Sunburned and coated in grime, sweat and anxiety, Dr. John Lake is desperate enough to contemplate one last adrenaline-spiked push through exhaustion and make the illegal swim across the Mekong River border to Thailand.
The case of Dr. Richard Kimble, one of the screen's more famous fugitives, was clear-cut. Here, however, there's no mistaken identity or hyperbole about heroism – Lake is the rare fugitive from justice who is not an innocent. Rossif Sutherland (who's previously played Jesus and Nostradamus) is the everyman medic here, a well-meaning volunteer doctor working in a rural Laotian clinic and plunged, in one fateful moment's decision, in extremis.
That realistic ambivalence is one way that River, writer-director Jamie Dagg's first feature, immediately outpaces its modest means – although the fast-moving thriller, a Canadian co-production shot on location in Laos, picks up slowly.
In hospital conditions far from ideal, Lake finds himself admonishing a patient with a distended liver; but the empty booze cans seen later on the good doctor's own bedside table suggest he's no slouch in that department himself. After the emergency surgery of a chest wound ends in argument, the doctor in charge (Sara Botsford) reprimands and suspends Lake. He catches a chatty ride south to a vacation spot with the clinic's delivery driver.
From here, plans go awry and the film's pace escalates quickly. In his goodnatured way, Lake befriends the local bartender and spends the night drinking at the bar, where he sees a young woman with a pair of Australian tourists; later, as he's stumbling back to his hotel, he crosses paths with them and gets into a fight – he's intervened, but too late in her assault. Flashes forward and back in time flesh out the contours of Lake's drunken memory of the incident. How different his dip in the river the night before is from the morning after – one leisurely and idyllic, the other frantic – but both constant with the sibilance of cicadas and the thrum of the ambient score. It's soon heavy on the drums of creeping panic.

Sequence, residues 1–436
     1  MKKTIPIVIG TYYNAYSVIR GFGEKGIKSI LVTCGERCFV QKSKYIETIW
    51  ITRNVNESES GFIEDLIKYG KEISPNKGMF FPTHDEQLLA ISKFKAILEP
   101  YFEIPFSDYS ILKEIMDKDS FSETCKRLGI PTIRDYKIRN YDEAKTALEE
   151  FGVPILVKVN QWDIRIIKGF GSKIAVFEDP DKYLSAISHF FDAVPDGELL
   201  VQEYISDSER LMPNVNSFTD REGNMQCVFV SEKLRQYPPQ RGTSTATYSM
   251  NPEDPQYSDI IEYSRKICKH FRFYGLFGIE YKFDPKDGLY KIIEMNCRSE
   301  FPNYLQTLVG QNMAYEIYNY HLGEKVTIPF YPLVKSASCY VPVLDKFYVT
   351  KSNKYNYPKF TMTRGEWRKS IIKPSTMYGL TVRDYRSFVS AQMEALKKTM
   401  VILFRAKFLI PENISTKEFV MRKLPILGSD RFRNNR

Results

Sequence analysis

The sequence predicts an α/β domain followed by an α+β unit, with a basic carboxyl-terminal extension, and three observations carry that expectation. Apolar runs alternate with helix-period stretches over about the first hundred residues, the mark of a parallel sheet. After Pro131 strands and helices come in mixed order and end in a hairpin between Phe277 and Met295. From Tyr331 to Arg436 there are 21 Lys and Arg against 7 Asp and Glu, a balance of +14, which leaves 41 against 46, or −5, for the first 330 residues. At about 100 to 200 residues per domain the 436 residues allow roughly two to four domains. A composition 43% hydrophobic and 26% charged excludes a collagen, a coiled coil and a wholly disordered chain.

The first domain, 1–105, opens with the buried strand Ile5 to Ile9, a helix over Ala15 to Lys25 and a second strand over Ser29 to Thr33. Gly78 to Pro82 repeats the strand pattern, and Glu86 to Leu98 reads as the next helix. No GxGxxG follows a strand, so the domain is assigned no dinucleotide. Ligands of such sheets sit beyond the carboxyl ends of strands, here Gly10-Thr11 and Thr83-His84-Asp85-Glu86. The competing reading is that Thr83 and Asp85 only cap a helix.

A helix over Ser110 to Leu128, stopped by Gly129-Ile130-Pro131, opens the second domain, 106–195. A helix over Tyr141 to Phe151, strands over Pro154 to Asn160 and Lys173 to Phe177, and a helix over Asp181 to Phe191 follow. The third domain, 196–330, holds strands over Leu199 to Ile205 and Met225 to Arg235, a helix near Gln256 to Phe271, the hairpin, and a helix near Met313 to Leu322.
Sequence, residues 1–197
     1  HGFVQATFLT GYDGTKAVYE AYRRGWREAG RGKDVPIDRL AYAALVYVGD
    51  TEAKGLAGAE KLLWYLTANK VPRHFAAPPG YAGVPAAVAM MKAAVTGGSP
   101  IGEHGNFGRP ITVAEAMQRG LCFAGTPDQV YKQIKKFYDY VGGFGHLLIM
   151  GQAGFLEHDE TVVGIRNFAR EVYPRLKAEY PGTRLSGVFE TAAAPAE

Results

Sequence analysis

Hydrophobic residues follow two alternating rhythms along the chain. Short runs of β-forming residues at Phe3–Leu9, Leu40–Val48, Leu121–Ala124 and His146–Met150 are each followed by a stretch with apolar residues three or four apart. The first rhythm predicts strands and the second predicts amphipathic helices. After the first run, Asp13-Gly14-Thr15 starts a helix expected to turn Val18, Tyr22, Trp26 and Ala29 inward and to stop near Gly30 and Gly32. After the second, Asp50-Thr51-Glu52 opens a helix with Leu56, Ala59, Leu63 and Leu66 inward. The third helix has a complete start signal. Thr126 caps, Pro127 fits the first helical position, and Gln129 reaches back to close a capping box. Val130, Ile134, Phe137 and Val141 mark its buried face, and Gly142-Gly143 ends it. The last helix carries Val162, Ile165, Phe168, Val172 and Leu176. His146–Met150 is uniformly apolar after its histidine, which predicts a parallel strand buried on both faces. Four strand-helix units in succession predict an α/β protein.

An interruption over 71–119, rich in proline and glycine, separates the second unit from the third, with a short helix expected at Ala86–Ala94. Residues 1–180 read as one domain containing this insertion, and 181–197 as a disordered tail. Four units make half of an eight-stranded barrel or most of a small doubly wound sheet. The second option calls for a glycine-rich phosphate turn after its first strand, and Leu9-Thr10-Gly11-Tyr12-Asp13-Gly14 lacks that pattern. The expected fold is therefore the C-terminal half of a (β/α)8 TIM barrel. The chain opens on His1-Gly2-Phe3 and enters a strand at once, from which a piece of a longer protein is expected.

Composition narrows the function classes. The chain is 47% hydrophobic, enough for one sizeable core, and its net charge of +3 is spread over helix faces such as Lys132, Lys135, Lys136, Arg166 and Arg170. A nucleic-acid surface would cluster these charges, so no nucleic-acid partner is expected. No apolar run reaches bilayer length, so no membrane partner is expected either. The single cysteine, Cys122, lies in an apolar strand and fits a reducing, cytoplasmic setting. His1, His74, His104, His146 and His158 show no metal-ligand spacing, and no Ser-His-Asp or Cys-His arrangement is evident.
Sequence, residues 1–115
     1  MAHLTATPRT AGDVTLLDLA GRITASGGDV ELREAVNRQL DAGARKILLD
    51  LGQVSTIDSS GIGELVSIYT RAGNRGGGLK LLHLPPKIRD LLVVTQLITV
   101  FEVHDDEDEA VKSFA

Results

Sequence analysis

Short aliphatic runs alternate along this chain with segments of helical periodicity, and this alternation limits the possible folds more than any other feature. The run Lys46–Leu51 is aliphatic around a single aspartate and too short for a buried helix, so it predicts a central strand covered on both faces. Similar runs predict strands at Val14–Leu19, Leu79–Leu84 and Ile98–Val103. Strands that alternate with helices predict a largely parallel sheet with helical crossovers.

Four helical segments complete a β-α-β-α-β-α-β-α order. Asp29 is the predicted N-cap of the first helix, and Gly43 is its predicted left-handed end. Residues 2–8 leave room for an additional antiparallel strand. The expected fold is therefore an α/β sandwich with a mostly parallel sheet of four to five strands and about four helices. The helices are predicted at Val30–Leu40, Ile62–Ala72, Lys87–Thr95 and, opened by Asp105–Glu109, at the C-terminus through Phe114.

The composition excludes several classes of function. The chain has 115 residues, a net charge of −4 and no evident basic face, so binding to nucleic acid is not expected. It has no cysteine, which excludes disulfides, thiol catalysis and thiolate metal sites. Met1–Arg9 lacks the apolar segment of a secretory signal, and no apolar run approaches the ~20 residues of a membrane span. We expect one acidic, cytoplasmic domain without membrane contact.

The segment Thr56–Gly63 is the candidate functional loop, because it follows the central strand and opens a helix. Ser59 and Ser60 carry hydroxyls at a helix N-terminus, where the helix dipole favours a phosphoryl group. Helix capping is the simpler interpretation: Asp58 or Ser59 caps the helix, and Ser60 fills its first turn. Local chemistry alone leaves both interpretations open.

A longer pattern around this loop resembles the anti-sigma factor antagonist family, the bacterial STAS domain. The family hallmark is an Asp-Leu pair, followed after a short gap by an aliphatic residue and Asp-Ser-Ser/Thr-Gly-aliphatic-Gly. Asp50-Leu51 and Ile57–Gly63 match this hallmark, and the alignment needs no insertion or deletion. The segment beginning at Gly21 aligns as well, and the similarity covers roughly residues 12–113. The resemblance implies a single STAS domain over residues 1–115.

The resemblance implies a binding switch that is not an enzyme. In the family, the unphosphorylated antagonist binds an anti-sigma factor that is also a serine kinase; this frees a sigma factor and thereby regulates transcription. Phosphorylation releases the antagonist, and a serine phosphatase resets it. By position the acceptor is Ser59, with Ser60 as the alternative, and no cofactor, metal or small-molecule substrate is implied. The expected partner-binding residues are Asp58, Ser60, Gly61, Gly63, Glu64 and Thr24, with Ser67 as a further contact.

In a demanding role light on dialogue, Sutherland's rangy, loping physicality serves both the character and the action well – camera and fugitive are seldom at rest, and on the move in tense, extended bursts whenever an opportunity presents itself.
The location supports the bleak atmosphere. Cinematographer Adam Marsden films crepuscular hours, or darkness suffused in a green glow, and even daylight hours are sour and dim. Drab interiors are all alike – the U.S. embassy, where Lake eventually turns for help, is scarcely more welcoming than a jail block, where it's impossible to know night from day.
The effect of the tropical humidity is plain in Lake's fatigue, and Dagg's scenes make good use of the chaotic environment. You get the sense that as much as was planned in life, just as much is clandestine. But more than this, the random events and elements of chance twisting the unpredictable plot seem realistic.
Lake's is just one of the stories in the film's frame, even if he doesn't notice the others (like what may be misappropriation of clinic supplies, for example, a fact only glimpsed in a side mirror). Even the intricacies and incompatibilities of the Laotian and Thai legal systems sustain the suspense more than you would expect.
Until Dagg's final act, that is, when a twist forces a moral reckoning that the movie had adroitly managed to avoid.